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TV Review: Robocop: Prime Directives

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Here is a little DVD gem very few people know about who are fans of Robocop and even fewer who are not. Why do so few people know about it you ask? Because it was only shown in the United States on the Sci-Fi Channel once or twice to my knowledge and then never shown again. They showed one two-hour episode then an encore that same night.

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After all the episodes (Crash and Burn, Dark Justice, Resurrection, Meltdown) were shown that was it and then they appeared on DVD, each episode sold separately.

Why should you bother seeking them out? That’s simple. They are badass. Rated-R badass.

They are better than Robocop 2 and 3. I read about half of Frank Miller’s Robocop, which he turned into a comic book after it was rejected for the Robocop 3 script. Prime Directives is better than that as well. Prime Directives is on par with Robocop vs. Terminator but exceeds it in many areas, foremost being that the story is grounded in Alex Murphy. Prime Directives starts 10 years after the events in Robocop 3. Delta City has been built and Robocop has virtually wiped out crime in the city. His armor is worn, slightly rusted and dented (plus it’s the same armor from the first movie, a plus for fans). We meet Murphy’s partner before he came to Detroit and find out what became of his family after he became Robocop. Prime Directives is just as violent as the original Robocop with humor spliced in via new casts, commercials, et cetera. Robocop and the other characters are given room to grow across Directives’ total 8-hour runtime. And then there is Bone Machine. “You’ve been Boned baby.” Trust me, if you do not want to buy it, at least rent it, see it and judge for yourself. For more info, click here.

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About the author

Rollo Tomasi

A Political Science and MBA grad who started FilmBook during an eCommerce B-School course in 2008. Cinema and TV addict. Former writer at Empire Movies, Blogcritics, and Alternative Film Guide. In addition to writing for FilmBook, he also edits the copy published on the website, manages its writing staff, manages the back-end operations, site finances, its social network accounts, and works with publicists, actors, and companies on press coverage and promotions. He has also created ProMovieBlogger.com and Trending Awards.com.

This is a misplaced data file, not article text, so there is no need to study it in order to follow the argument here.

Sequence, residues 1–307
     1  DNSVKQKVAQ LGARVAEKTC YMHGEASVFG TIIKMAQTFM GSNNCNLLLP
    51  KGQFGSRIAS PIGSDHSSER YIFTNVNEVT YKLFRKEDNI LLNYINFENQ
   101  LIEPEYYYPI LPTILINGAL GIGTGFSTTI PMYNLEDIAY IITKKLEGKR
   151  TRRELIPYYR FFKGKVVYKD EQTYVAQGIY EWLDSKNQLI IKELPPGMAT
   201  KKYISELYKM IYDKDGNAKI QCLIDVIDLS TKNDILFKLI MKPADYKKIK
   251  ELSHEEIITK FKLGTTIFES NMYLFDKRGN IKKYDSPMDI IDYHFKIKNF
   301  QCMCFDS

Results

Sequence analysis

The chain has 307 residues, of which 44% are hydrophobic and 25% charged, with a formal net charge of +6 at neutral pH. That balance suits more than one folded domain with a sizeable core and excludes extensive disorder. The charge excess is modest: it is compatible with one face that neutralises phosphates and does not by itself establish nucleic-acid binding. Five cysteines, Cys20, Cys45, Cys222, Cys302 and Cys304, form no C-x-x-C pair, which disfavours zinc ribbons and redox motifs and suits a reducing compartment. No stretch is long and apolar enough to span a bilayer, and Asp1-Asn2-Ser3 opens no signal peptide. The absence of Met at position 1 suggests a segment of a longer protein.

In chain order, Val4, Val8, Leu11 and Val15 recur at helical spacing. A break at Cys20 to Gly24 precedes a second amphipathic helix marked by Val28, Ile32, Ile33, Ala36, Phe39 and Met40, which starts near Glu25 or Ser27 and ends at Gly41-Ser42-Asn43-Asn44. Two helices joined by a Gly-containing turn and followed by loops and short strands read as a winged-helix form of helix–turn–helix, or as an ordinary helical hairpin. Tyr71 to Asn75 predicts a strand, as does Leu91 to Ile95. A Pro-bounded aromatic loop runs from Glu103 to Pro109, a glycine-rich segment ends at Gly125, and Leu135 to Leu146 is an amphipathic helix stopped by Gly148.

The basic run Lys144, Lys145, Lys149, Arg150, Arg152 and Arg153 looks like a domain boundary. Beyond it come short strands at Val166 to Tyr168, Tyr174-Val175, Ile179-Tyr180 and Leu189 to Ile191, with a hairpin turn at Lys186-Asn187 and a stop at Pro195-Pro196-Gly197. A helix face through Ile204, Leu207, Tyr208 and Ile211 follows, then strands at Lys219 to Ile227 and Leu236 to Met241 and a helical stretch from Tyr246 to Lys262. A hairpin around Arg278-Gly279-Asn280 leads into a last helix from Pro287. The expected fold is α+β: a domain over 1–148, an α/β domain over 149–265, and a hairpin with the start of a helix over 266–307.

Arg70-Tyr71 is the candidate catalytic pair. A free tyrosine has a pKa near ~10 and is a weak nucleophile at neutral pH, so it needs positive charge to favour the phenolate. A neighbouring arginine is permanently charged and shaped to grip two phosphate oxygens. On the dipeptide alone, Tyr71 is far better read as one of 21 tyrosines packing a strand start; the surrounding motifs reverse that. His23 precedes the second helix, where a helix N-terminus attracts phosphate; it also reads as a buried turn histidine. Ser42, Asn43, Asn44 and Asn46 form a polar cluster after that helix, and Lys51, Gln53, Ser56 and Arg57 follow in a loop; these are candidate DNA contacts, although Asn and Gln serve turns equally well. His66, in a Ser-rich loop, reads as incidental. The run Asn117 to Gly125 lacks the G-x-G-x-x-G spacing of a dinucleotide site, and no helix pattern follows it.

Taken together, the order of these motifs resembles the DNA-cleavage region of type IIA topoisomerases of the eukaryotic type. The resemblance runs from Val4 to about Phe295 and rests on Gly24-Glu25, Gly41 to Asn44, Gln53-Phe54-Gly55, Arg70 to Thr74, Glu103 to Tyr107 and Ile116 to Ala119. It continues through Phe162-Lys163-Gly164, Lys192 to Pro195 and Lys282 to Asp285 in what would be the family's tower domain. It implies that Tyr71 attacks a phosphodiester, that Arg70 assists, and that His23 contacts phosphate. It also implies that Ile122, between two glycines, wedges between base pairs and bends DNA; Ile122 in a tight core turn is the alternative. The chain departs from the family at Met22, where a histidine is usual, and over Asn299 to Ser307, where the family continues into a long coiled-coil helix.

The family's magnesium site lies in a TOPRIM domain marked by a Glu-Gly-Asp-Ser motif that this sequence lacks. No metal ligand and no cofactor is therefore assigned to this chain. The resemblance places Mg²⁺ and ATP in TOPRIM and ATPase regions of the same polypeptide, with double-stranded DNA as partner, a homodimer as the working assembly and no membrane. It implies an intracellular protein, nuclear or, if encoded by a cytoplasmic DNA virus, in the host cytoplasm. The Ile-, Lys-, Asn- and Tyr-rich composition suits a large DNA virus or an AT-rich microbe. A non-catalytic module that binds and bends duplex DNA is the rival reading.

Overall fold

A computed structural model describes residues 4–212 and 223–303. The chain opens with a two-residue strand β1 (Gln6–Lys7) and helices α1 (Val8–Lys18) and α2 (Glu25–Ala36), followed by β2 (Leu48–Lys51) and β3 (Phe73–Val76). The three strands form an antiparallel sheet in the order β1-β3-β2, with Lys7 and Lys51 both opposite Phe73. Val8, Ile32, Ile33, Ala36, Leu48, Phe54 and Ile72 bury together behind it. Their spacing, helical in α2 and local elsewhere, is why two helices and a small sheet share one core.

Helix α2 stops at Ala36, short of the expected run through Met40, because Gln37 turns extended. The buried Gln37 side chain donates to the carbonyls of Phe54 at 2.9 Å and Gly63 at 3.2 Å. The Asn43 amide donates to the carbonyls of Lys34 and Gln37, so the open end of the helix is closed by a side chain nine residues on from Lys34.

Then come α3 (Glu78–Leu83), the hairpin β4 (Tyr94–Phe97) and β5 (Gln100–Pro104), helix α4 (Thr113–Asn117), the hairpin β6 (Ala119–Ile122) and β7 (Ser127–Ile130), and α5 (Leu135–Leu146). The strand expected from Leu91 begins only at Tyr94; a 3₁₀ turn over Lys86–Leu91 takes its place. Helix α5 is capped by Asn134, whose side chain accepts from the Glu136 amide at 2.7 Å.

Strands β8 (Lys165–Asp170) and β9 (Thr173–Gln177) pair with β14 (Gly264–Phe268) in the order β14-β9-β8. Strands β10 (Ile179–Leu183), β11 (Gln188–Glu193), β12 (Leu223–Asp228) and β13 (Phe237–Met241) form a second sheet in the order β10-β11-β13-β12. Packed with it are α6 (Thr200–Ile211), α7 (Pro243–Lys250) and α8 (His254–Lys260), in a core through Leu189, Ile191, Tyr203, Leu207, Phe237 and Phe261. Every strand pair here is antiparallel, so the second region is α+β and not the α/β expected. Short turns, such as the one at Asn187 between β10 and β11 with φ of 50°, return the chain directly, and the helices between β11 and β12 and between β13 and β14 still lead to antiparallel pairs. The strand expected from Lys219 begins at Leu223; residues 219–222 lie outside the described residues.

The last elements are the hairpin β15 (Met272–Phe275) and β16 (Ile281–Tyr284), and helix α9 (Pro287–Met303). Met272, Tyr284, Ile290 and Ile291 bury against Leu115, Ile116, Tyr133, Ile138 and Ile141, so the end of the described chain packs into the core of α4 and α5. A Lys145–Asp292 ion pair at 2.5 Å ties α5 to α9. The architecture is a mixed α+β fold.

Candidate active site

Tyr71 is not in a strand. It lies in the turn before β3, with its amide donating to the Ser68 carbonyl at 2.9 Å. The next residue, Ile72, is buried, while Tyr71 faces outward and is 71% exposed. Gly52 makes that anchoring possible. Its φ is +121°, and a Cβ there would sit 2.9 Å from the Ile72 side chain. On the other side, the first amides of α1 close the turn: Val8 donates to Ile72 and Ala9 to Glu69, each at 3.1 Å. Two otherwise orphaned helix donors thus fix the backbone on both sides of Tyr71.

• Thanks so much for the kind review. We worked our buns off on Robo:PD and it’s nice to get a good review. Keep up the good work! I’ll be reading.

    Julian Grant
    Producer/ Director
    Robocop: Prime Directives

  • Thanks so much for the kind review. We worked our buns off on Robo:PD and it’s nice to get a good review. Keep up the good work! I’ll be reading.

    Julian Grant
    Producer/ Director
    Robocop: Prime Directives

  • No problem Mr. Grant. I’m glad you found my site and felt the need to comment. It makes it all worth it. I never thought I would be conversing with the director of Prime Directives. I heard that Paul Verhoeven was pleased at how PD turned out as well.

    I thought Page Fletcher brought a lot of emotion and conflict to Robo and Wint was great as the hard nosed Cable. That comment Cable makes about how his ex’s office could use a woman’s touch (and her face dropping) was priceless. When Robocop’s body count was adjusted for inflation, I was laughing my ass off. Hilarious.

    I probably shouldn’t talk about the ending to Prime Directives but to hell with it. When Robocop walks into the darkness of Delta City alone to keep and maintain order, cheered on by a certain someone, I was like Yes. Perfect.

    Come back to Film-Book.com anytime Mr. Grant. You’re more than welcome. Is PD going to come out on high definition disc (in a 4-disc set hopefully) in the future?

  • No problem Mr. Grant. I’m glad you found my site and felt the need to comment. It makes it all worth it. I never thought I would be conversing with the director of Prime Directives. I heard that Paul Verhoeven was pleased at how PD turned out as well.

    I thought Page Fletcher brought a lot of emotion and conflict to Robo and Wint was great as the hard nosed Cable. That comment Cable makes about how his ex’s office could use a woman’s touch (and her face dropping) was priceless. When Robocop’s body count was adjusted for inflation, I was laughing my ass off. Hilarious.

    I probably shouldn’t talk about the ending to Prime Directives but to hell with it. When Robocop walks into the darkness of Delta City alone to keep and maintain order, cheered on by a certain someone, I was like Yes. Perfect.

    Come back to Film-Book.com anytime Mr. Grant. You’re more than welcome. Is PD going to come out on high definition disc (in a 4-disc set hopefully) in the future?

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